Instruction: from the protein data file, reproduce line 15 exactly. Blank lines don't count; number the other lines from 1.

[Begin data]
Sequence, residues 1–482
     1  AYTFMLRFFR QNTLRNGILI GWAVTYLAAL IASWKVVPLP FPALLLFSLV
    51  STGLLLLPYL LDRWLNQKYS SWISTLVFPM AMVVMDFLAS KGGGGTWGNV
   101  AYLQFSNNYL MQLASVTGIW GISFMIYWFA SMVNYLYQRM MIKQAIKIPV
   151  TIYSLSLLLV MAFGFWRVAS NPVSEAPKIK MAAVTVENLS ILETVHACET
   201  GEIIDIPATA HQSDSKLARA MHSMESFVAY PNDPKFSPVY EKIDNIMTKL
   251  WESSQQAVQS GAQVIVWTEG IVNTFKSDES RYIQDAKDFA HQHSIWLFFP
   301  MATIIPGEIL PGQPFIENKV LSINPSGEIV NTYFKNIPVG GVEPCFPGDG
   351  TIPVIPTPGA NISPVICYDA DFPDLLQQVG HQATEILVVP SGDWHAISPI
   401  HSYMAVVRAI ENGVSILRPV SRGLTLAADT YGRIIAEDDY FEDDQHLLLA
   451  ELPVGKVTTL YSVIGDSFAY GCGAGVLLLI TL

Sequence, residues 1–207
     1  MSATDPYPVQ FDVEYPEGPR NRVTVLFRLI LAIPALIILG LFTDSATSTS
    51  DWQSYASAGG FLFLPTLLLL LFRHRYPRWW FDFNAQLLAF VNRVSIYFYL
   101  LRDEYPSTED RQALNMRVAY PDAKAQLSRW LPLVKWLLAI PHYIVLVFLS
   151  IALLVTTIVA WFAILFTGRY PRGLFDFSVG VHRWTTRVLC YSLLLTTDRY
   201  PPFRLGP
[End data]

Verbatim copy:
   101  LRDEYPSTED RQALNMRVAY PDAKAQLSRW LPLVKWLLAI PHYIVLVFLS